Kikuno is 2-2 in the UFC, with both losses coming by way of knockout. Brandao has insane power, and though he lacks in other skill areas, this seems to be the perfect opponent for him to unleash his wild hands and finish his opponent quickly.
Pick: Brandao by KO/TKO
Mizuto Hirota ($10400) vs Teruto Ishihara ($9000)
The two finalists from “Road to UFC: Japan” meet in a featherweight clash. Both fighters love to trade so we should be provided an entertaining scrap. Hirota, though you probably don’t remember, has already had one stint in the UFC in which he lost two straight fights. Now he’s back and taking on the younger and more dynamic Teruto Ishihara. I’m going against the grain here and picking Ishihara to win. His speed and power will be the difference in this fight. If he KOs Hirota, he is an excellent value pick at just $9000.
Pick: Ishihara by KO/TKO
Jingliang Li ($10300) vs Keita Nakamura ($9100)
Like Hirota, Nakamura also had a prior stint in the UFC. His was also unsuccessful, losing all three of his UFC fights. “The Leech” Jingliang Li has looked very good in his three UFC fights, knocking out Dhiego Lima and beating David Michaud by decision. He took Nordine Taleb the distance, dropping that one in a split decision. This fight is Li’s to lose. If he can keep it on the feet he has a clear advantage. Nakamura is a tough vet, and I expect him to go the distance. $10300 can be better spent on someone who finishes though, so buyer beware.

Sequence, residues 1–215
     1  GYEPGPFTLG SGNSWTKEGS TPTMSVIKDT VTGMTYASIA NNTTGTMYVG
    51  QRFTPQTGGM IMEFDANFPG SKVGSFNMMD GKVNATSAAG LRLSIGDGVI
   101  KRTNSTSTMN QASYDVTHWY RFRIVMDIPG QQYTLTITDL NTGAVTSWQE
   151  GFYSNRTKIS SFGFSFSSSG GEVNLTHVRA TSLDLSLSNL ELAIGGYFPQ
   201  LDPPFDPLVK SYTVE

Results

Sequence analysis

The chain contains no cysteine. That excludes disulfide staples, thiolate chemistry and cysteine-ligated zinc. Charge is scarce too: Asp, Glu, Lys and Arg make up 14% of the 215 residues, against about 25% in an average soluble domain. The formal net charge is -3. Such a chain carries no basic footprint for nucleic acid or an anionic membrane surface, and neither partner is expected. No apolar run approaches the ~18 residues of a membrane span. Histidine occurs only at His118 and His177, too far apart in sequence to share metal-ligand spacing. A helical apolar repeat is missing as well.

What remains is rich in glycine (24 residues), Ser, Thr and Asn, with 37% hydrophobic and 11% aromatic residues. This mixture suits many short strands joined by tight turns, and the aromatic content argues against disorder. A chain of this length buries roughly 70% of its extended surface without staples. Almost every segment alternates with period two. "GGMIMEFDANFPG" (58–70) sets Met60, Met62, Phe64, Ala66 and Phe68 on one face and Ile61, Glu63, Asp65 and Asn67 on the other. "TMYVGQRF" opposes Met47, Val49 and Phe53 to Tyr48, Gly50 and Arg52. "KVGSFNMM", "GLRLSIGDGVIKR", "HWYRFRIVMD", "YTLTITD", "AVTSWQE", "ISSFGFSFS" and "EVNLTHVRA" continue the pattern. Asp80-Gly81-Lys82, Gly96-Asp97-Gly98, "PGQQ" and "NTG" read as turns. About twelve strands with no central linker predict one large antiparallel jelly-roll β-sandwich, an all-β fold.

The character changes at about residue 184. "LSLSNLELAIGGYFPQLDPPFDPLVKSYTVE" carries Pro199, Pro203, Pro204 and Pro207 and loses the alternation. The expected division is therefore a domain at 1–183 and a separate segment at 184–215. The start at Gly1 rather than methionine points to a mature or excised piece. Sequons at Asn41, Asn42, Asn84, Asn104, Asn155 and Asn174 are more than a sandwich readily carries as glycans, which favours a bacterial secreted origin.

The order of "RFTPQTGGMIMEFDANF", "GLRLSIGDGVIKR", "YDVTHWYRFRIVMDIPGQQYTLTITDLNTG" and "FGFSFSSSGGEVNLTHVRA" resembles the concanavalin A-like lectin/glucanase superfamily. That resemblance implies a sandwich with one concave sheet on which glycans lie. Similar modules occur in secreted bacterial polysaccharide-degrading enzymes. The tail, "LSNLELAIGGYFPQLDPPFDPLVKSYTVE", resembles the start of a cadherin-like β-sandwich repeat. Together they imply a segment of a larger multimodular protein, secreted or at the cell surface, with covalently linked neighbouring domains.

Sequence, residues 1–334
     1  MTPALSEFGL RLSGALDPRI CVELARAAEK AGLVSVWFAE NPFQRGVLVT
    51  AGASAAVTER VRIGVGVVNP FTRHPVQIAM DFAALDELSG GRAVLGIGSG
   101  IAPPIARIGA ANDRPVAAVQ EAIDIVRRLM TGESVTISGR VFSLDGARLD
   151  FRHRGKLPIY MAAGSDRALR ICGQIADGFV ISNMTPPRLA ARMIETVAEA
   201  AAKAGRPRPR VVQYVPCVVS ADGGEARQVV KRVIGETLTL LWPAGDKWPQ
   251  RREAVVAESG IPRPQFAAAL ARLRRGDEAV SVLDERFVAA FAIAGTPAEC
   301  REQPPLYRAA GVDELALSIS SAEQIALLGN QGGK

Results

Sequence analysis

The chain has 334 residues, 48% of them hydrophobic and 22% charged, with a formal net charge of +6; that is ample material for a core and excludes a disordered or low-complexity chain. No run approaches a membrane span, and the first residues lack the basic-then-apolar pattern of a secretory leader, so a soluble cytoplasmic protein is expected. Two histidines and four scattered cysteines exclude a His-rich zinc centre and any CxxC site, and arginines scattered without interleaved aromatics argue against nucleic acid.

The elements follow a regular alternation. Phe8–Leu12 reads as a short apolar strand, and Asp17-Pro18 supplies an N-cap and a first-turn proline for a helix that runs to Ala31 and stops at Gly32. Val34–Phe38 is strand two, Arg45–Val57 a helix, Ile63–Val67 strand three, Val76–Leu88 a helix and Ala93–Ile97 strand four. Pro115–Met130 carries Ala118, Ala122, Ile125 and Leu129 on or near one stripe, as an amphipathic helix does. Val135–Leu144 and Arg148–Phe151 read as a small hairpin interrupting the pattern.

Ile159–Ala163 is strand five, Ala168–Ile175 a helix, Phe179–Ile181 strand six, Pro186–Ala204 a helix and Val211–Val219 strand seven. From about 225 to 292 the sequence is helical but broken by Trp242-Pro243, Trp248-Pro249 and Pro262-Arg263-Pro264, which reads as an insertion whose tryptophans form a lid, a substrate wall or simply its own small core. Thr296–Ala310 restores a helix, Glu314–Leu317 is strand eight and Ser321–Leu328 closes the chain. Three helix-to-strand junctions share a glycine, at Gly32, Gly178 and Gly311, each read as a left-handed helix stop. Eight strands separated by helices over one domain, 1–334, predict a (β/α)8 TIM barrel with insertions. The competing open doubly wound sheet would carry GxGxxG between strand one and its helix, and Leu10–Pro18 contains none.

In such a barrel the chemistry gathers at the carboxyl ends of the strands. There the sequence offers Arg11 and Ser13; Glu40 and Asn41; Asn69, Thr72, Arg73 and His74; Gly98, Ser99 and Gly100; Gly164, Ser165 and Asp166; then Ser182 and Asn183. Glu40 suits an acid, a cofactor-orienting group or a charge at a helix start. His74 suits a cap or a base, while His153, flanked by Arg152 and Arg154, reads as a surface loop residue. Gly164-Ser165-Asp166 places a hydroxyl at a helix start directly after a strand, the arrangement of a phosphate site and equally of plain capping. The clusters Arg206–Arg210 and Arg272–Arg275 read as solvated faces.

Pick: Li by decision
Nick Hein ($10900) vs Yusuke Kasuya ($8500)
If you look at Kasuya’s record, you might be tempted to throw down the $8500 and add him to your lineup. Hein has not finished many fights, but we have seen improvement from him. He more than doubled up the striking total of Lukasz Sajewski in their June fight. Add to that it will be Kasuya’s UFC debut and in Japan and he’s likely to be dealing with some nerves. I think Hein will be able to follow the blueprint he used against Sakewski — feeling his way through the early stages then adding volume in the second and third rounds.
Pick: Hein by decision
Kajan Johnson ($10700) vs Naoyuki Kotani ($8700)
Johnson came back from a horrific broken jaw he suffered on the TUF Nations show, which was remarkable in and of itself. But he’s about to make his third appearance in the Octagon, and won for the first time in the UFC this past May. He’s very well-rounded, long and possesses good speed. Kotani has been finished in both his UFC fights, averaging less than one significant strike landed per minute. This is his second go in the UFC, and he didn’t do well the first time around. Johnson is not known for his power, but I think he throws enough volume to catch Kotani and get the ref stoppage in round two or three.
Pick: Johnson by KO/TKO
Shinsho Anzai ($9700) vs Roger Zapata ($9700)
I liked what I saw of Zapata on the TUF show and he finally gets to do his thing in a live UFC event. He has good power and a chin to match. He also holds considerable height and reach advantages. I like Zapata to end this one quickly with a big KO. Great value at $9700.
Pick: Zapata by KO/TKO